When one imagines the aftermath of crimes, they think of large-scale investigations. However, there’s another crucial aspect, and an industry building around that aspect, that does not get enough attention: crime scene clean up. Contrary to popular belief, cleaning a crime scene is not as simple as using a bottle of hydrogen peroxide and getting a pair of gloves. In this article, we’ll discuss how professionals clean up crime scenes, so if you’re curious or want to join the field, keep reading to learn more.
Whereas crime scenes do not always involve body parts, the possibility of encountering gore is never far off. With America’s growing crime rates, crimes as gruesome as serial murders or as heartbreaking as school shootings are a part of the crime scene cleaner’s job. You’ll have to deal with fluids, solids, odors, and your own emotions. The family of the victim may be angry or grieving, and their reaction can be unpredictable. You have to remember that you can not compromise on thoroughness, as many people’s physical and emotional health will depend on your work.
Crime scenes can be gory, and they are susceptible to contamination. Carelessness on site can cause fingerprint destruction and deposit hairs, fibers, and bacteria on site, which can destroy crucial evidence. In addition, lousy cleanup jobs can have post-traumatic effects on victims or devastate their families, especially in the case of murders. Certain crime scenes involving bodily fluids pose biohazard risks as well.
As a result, cleaners dealing with the scenarios need to be adequately trained for the job. Whereas crime scene cleaners do not need formal education, many agencies provide training programs about:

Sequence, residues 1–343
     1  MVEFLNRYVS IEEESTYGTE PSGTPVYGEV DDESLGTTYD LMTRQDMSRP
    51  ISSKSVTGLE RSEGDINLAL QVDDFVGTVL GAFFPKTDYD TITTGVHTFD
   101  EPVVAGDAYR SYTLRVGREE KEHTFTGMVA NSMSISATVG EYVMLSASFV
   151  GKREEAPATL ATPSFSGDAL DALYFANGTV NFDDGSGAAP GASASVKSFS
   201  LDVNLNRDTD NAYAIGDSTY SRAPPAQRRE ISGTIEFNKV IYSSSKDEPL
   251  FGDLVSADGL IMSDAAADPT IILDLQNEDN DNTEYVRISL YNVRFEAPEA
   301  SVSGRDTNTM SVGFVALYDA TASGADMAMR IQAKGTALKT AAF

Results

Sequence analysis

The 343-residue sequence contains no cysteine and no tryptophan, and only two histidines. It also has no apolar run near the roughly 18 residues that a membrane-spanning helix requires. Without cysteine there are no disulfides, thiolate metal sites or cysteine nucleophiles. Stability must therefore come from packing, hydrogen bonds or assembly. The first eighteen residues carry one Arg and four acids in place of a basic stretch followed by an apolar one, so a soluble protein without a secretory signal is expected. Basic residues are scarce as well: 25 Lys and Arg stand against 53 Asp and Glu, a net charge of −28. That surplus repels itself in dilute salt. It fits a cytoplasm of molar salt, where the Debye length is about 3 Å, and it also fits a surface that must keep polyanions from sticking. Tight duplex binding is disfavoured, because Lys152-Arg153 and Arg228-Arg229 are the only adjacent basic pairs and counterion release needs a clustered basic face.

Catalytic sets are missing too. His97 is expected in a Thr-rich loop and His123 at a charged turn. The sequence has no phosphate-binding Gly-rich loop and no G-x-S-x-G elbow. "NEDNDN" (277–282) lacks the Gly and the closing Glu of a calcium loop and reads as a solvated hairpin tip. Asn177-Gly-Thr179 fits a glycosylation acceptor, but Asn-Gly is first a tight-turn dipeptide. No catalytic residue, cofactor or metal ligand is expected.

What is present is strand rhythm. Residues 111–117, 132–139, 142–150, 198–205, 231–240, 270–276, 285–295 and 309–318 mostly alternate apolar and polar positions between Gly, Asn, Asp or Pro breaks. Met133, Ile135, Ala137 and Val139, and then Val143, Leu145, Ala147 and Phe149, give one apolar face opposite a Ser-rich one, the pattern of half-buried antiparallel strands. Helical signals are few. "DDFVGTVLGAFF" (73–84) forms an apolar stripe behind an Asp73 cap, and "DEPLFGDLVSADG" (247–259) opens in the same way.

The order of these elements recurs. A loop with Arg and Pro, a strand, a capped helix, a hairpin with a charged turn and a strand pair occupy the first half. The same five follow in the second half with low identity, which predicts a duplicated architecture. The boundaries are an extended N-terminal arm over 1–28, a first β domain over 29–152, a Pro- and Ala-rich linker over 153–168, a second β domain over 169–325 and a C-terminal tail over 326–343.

- Handling and transporting medical waste
- Bloodborne pathogens
- Respiratory protection
- Heat-illness awareness
Many companies also provide regular mental health counseling to ensure that the job doesn’t adversely affect the workers.
The cleanup crew goes to a crime scene equipped with protective equipment, masks, cleaning gear, sanitizers, and biohazard waste receptacles. They will then divide the area into zones – the control zone, buffer zone, and clean zone – to restrict the mobility of people. The site will be assessed for biohazards like blood or cerebrospinal fluid so that appropriate cleaning preparation can be made.
If the cleaners are not prepared, the crime scene can expose them to pathogens from the blood and air. Additionally, over-the-counter products do not work; strong cleaners and EPA-registered disinfectants have to be employed to ensure the safety of everyone who will visit the site in the future. The waste can not be carried in a standard container either, hence the need for biohazard receptacles. Crews need to be equipped with UV lights and particular hydrogen peroxide-based solutions to ensure no trace of any substance gets left behind.
Cleaning up remains and traces of people is not what one wants to do for a living. Many who join this line of work do so to help the families of victims and ensure no trace of blood reminds them of their traumas. If you’re one of these individuals, you need to ensure your mental health allows you to take on such work and that you have the stomach for it.
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